London Jewish Chronicle 'Books' April 20, 2012 reviewer Peter Lawson
...(The) impressive poem, Lifted, concerns the kidnapping and abuse of a "scarecrow girl/a slip of a thing". It is deft and discreet in the manner in which it tackles its difficult subject. The rapid repetitions are suggestive of nursery rhyme, a place where an innocent girl encounters this "man/this guard/this brick of a thing/this thick-skinned/hard-nosed prick of a thing"... The life-fulfilling qualities of the family appear to be redemptive in Moskowitz's work, which contains some beautiful poems about mothers, fathers, and daughters.
REVIEWS FOR CAN IT BE ABOUT ME?
Julia Eccleshare -
A delightfully varied collection of poems which capture many of the familiar things that take place in classrooms, every day and every where. All children will recognise themselves in some poems whether it is Lunchbox Hero or Number Troubles! Ros Asquith's well-observed and wittily executed illustrations highlight the details perfectly. Poems about friendship, playing games, teachers, bullying, jealousy, quarrels and secrets! Funny, thoughtful and entertaining, Cheryl Moskowitz is an exciting new talent, and in tune with what goes on inside and outside the classroom. This exciting debut collection is inspired by workshops with Year 3 pupils (age 7).
'Nayuleska's thoughts' -
Poetry isn't something I read all that often. I remember I had a beautifully illustrated treasury of poems when I was at primary school which I'd look at the pictures and sometimes read the poems. This looked like a fun poetry collection & it is. I enjoyed the explanation of the poems' origins, how some are literary poems with rules that have to be followed: I've heard of haikus bu I hadnt heard of cinquains. Most aspects of school life are explored in the poems which sent me along memory lane in this 10/10 read.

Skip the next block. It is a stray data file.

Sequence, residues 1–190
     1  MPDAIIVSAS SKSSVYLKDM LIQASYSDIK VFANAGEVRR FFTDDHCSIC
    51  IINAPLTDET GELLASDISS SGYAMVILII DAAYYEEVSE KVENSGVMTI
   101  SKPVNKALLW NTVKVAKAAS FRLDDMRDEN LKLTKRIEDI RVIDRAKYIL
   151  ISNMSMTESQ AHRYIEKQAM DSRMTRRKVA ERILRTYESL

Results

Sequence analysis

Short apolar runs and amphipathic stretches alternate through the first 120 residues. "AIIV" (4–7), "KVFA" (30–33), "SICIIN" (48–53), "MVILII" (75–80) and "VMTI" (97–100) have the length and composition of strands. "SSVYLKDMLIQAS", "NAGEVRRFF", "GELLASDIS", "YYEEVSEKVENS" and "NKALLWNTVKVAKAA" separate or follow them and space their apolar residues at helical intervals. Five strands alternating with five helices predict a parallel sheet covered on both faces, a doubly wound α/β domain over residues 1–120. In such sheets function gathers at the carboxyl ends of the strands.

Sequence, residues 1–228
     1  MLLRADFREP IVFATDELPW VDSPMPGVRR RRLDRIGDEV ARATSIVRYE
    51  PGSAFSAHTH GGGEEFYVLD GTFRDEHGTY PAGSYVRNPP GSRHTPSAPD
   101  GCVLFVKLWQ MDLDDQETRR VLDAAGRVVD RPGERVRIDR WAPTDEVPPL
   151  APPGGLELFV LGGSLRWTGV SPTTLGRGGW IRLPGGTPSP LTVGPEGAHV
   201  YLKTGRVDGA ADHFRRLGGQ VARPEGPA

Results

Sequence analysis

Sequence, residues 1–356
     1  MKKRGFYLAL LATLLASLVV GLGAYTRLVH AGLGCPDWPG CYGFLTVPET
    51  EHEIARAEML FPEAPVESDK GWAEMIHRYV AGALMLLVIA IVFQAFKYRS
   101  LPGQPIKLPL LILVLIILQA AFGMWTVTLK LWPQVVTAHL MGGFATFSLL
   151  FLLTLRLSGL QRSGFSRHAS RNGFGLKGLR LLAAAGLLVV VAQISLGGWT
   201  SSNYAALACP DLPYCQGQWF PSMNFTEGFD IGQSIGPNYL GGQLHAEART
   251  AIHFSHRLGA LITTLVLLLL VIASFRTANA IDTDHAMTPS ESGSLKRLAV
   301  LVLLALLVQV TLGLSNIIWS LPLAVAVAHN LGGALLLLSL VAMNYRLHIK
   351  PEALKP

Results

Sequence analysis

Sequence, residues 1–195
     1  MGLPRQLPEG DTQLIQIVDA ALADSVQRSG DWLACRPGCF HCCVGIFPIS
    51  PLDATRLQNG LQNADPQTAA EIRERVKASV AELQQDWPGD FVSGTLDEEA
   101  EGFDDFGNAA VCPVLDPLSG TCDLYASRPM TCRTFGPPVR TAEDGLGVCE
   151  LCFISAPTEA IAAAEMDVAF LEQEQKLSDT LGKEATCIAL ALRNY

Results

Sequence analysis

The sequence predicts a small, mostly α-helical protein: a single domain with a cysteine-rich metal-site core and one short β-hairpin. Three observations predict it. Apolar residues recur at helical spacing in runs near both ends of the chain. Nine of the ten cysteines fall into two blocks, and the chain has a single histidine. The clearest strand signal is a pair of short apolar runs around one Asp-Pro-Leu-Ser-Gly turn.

Exploring life in and out of the classroom, the poems in this collection explore everything from spelling tests to best friends, teachers to secrets. Meet a variety of different characters in a range of different situations, providing a vivid picture of school life.
Funny, thoughtful and engaging, these poems include both short, easy-to-read humorous poems that will make young readers smile, and more serious poems that deal with subjects such as bullying, jealousy and quarrels. A thought-provoking and enjoyable poetry book that will appeal to a wide range of readers and is ideal as a starting point for discussion about friendship and other school issues.
Armadillo magazine - children's books, news, reviews, selected by Adele Geras, reviewer Yvonne Coppard
This is a gem of a collection of poems, all set in Primary School and complemented by illustrations that are just right for the text. Each poem is prefaced by a little introduction from the poet, where she describes what she saw or heard in school that made her write the poem, and shares memories of her own primary school days.
There is a reassuring sense of balance between commentary, poems and illustrations, and in the poetry itself is a wealth of carefully observed and recollected vignettes of childhood experience: funny, poignant, angry and hopeful by turns, it is a lovely gift for a primary school child.